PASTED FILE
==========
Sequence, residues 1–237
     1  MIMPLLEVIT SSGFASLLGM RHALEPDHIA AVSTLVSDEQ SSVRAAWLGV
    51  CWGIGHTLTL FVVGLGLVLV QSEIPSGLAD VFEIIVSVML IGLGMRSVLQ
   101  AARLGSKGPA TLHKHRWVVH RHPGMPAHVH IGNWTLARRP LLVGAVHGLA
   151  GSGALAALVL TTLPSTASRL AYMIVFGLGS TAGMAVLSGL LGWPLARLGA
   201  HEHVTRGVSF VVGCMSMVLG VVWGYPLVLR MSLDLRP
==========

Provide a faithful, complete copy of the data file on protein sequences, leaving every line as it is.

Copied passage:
Sequence, residues 1–237
     1  MIMPLLEVIT SSGFASLLGM RHALEPDHIA AVSTLVSDEQ SSVRAAWLGV
    51  CWGIGHTLTL FVVGLGLVLV QSEIPSGLAD VFEIIVSVML IGLGMRSVLQ
   101  AARLGSKGPA TLHKHRWVVH RHPGMPAHVH IGNWTLARRP LLVGAVHGLA
   151  GSGALAALVL TTLPSTASRL AYMIVFGLGS TAGMAVLSGL LGWPLARLGA
   201  HEHVTRGVSF VVGCMSMVLG VVWGYPLVLR MSLDLRP